by Poornima @femgineer
We tend to shy away from promoting ourselves and the work we do, because we're afraid people will think we're bragging.
I’m spending the first half of this week in NYC, promoting the launch of my upcoming book: How to Transform Your Ideas into Software Products. Then I’ll head back to California to prepare for it’s launch. I’m so excited that it’s only 1-week away!
After one of my talks here, a young woman named Sandy came up to me, she thanked me for coming out, and then she said, “I’m really struggling with the concept of self-promotion. I see you do it, and it doesn’t seem slimy or salesy, it looks natural, and it’s helpful to others. But I always feel strange when I talk about myself or my work. I guess I just don’t like being put on the spot.”
So then I asked Sandy, why she felt like when I did it, it didn’t feel slimy or salesy? Sandy responded, “It really just seems like you’re super passionate about the topic, and want to see others do well and succeed. You’re sharing your strategies, and we are eager to know what they are!”
Sandy basically answered her own concern: it’s because I’m passionate about the work that I do. If I wasn’t then I’d sound disingenuous and people wouldn’t take me seriously.
Sandy also followed up and said, “I am really passionate about the work I do, but I’m just not sure how to showcase it without sounding like I'm bragging.”
Aside from passion, the other key element to being comfortable enough to showcase your work, is be able to take pride in it.
Pride is a touchy subject
Most people, including Sandy and myself have been taught to be humble, while pride is equated with being a braggart. So instead of taking pride, they may acknowledge their limitations any chance they get or be self-deprecating.
It’s OK to acknowledge our limitations, but we also need to be comfortable speaking about what we’re particularly good at, because who we work with or for, wants to know that we’re competent! Eventually they’ll realize it by seeing the work we do, but initially we have to tell them that we are by sharing with them the work we’ve done before and the positive outcomes that resulted from it.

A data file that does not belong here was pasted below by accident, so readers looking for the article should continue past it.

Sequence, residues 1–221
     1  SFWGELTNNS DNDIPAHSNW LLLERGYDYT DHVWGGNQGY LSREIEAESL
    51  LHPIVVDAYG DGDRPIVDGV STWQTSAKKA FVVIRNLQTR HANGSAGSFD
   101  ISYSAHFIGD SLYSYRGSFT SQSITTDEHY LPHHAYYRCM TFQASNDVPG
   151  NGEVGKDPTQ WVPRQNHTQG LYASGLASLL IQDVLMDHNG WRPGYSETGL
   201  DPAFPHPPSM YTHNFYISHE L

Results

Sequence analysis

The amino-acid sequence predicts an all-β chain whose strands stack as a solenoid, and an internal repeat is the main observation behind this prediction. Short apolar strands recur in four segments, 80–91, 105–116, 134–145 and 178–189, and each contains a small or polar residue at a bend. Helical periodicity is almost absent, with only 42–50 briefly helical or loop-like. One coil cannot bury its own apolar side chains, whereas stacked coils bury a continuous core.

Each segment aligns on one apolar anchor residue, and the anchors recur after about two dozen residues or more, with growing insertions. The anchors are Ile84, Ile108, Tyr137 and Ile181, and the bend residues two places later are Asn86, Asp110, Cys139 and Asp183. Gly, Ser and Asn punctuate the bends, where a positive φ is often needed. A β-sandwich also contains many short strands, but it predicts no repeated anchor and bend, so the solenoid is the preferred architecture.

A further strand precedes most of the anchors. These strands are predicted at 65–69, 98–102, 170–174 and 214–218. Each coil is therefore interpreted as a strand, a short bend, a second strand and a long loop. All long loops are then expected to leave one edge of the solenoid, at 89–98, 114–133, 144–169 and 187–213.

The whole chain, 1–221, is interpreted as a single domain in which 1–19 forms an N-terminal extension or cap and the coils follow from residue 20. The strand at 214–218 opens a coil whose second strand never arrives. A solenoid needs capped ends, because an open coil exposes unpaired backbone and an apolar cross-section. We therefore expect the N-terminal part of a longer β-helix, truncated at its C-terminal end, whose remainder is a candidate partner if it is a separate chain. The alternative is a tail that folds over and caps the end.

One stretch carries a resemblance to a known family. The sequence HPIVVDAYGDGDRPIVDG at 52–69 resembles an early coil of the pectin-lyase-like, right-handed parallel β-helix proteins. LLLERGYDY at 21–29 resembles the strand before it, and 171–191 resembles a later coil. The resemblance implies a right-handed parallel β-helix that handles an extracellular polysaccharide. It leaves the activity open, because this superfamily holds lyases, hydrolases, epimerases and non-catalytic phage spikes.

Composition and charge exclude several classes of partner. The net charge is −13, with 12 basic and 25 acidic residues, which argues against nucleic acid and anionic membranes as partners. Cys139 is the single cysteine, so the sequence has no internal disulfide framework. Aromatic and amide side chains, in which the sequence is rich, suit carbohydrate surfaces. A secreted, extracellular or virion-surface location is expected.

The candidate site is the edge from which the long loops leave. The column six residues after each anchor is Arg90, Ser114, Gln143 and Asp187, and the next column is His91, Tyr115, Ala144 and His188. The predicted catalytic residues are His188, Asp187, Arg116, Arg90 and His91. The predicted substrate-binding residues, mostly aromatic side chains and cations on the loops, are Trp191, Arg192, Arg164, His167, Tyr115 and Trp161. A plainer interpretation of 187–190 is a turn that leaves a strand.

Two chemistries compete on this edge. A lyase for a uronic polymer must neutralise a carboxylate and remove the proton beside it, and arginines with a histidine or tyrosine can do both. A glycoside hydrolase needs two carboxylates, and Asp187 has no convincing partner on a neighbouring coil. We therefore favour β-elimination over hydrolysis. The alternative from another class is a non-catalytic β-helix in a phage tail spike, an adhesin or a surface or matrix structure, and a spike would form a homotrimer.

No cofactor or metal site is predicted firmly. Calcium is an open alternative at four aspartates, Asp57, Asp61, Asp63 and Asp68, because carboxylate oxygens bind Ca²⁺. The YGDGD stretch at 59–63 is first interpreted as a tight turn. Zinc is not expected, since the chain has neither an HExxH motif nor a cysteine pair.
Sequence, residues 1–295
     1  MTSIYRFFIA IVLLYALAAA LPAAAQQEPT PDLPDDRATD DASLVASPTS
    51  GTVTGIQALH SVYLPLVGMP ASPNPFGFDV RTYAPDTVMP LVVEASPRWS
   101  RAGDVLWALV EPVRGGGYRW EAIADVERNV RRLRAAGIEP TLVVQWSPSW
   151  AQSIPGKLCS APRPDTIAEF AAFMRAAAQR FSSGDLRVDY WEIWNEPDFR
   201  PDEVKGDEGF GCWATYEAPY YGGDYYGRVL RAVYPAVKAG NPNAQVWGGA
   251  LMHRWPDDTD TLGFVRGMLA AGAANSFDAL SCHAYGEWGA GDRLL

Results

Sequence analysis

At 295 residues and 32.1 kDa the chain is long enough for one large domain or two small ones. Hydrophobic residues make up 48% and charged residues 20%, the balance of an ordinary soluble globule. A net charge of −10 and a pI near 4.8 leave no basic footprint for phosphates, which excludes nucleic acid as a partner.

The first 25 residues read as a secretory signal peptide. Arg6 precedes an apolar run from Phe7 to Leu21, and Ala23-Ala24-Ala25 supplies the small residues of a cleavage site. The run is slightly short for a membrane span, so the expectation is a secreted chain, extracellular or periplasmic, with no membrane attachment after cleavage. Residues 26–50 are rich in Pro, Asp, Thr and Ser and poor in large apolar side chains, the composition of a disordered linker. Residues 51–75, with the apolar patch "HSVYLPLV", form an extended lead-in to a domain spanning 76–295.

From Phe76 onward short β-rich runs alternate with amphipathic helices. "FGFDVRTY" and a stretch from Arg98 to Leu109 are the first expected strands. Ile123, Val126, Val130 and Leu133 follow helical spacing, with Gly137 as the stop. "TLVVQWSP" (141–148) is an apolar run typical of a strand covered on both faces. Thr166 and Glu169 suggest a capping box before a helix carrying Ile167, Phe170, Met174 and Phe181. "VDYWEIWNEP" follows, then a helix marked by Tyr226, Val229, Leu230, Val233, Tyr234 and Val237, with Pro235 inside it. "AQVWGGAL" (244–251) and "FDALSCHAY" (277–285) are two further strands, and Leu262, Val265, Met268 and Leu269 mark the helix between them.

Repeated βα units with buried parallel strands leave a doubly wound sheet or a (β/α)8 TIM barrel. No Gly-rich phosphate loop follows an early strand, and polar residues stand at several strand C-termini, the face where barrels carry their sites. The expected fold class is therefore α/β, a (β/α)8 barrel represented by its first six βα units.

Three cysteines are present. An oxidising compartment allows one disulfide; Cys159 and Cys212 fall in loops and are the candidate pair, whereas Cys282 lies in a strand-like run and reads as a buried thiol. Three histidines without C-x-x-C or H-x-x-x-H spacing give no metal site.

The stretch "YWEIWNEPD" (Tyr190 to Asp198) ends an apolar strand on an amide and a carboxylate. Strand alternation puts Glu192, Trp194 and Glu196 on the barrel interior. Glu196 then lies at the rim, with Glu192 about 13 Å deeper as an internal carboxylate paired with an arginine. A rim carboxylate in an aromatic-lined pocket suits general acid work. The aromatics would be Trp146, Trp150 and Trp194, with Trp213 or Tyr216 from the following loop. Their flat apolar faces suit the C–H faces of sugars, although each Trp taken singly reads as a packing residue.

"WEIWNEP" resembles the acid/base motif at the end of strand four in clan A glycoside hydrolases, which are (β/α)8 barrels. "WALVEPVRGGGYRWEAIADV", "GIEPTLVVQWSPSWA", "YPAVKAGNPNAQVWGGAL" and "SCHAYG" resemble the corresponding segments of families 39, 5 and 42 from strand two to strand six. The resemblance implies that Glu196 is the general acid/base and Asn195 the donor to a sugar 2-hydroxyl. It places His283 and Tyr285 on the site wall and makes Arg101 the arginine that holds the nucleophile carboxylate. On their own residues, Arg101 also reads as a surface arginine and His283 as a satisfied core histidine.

I know as I say this you might still feel like you’re not good at anything. If that is indeed the case then you need to ask yourself:
Is it because I’m just getting started, and battling the learning curve?
Am I comparing myself to the level that someone else is at?
Do I feel like my work needs to be perfect in order to be proud of it?
Do I feel like it’s just not novel enough?
It’s only natural to have these feelings. But know that you’ll always be learning, and there maybe someone who is just a little bit better than you (and the good news is you can learn from them).
Battling perfection and novelty
Right before my book went out to print, I combed it for typos several times! My editor did as well. When I received the final copy I handed it to my boyfriend, and within 1-minute he spotted a typo (sigh).
I was annoyed, but I realized there was nothing I could do. 300 copies were being printed, I’d deal with it, and fix it in a future run!
I also realized that one tiny typo wasn’t going to stand in the way of me taking pride in the months of work I had put in to create the book.
Then there’s novelty… We think of innovation as making a breakthrough or discovering something new, but the Merriam Webster’s defines innovation as the following: in technology, an improvement to something existing.
This definition can be applied to other fields as well. Innovating is introducing a change. We don’t always have to be coming up with something brand new to be proud of the work we do.
Now I want to know what work you’ve done recently that you are really proud of? Just hit reply to this email and let me know!